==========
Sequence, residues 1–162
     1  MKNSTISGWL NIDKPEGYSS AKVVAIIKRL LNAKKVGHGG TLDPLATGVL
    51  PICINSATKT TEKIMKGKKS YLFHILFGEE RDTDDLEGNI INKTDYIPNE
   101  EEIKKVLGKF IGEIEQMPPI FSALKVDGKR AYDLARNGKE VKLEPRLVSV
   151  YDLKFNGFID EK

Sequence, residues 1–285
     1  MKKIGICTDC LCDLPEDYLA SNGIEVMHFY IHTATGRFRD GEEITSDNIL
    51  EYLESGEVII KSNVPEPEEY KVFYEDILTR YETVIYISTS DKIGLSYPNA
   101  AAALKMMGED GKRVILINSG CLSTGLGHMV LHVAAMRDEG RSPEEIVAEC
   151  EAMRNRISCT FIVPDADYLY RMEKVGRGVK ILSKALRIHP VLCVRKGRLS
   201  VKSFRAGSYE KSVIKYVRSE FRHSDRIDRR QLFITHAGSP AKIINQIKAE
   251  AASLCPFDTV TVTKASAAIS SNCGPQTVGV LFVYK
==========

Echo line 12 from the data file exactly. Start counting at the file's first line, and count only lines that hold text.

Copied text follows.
   251  AASLCPFDTV TVTKASAAIS SNCGPQTVGV LFVYK